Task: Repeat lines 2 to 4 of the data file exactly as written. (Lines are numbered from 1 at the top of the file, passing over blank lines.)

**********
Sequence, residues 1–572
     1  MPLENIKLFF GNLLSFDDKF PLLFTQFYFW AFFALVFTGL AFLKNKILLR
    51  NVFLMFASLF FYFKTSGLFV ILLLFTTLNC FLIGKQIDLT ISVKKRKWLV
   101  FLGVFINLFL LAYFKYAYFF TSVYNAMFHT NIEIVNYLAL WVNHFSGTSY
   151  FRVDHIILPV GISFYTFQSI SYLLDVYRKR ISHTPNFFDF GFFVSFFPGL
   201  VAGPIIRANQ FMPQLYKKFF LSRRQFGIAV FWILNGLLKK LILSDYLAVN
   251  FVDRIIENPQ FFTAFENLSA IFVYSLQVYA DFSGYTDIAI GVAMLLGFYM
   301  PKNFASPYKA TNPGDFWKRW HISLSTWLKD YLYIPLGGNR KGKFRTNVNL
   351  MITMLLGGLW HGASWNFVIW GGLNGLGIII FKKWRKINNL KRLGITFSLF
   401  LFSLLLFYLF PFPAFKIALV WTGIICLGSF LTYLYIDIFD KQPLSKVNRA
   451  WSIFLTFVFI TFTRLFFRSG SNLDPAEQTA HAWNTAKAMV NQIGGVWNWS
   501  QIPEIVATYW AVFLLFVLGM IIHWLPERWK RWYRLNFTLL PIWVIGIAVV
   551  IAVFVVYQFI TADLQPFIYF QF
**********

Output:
     1  MPLENIKLFF GNLLSFDDKF PLLFTQFYFW AFFALVFTGL AFLKNKILLR
    51  NVFLMFASLF FYFKTSGLFV ILLLFTTLNC FLIGKQIDLT ISVKKRKWLV
   101  FLGVFINLFL LAYFKYAYFF TSVYNAMFHT NIEIVNYLAL WVNHFSGTSY